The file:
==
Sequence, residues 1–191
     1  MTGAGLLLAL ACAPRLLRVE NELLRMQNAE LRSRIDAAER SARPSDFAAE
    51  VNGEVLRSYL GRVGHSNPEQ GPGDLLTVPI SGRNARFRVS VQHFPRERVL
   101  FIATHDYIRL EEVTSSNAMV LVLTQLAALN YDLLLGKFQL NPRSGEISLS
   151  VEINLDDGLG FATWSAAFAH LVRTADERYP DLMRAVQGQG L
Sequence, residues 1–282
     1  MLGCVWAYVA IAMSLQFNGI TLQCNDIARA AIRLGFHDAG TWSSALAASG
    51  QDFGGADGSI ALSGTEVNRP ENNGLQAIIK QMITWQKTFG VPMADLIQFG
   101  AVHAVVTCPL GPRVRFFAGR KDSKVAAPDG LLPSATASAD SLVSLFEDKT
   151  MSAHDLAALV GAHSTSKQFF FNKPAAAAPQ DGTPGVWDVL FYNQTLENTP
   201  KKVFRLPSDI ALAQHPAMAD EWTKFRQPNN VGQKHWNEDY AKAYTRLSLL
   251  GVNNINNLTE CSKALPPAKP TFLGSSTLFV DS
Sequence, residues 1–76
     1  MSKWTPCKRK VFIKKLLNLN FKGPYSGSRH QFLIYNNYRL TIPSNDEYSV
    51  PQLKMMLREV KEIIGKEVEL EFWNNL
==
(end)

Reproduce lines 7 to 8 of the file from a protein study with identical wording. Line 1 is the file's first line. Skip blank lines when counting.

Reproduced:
     1  MLGCVWAYVA IAMSLQFNGI TLQCNDIARA AIRLGFHDAG TWSSALAASG
    51  QDFGGADGSI ALSGTEVNRP ENNGLQAIIK QMITWQKTFG VPMADLIQFG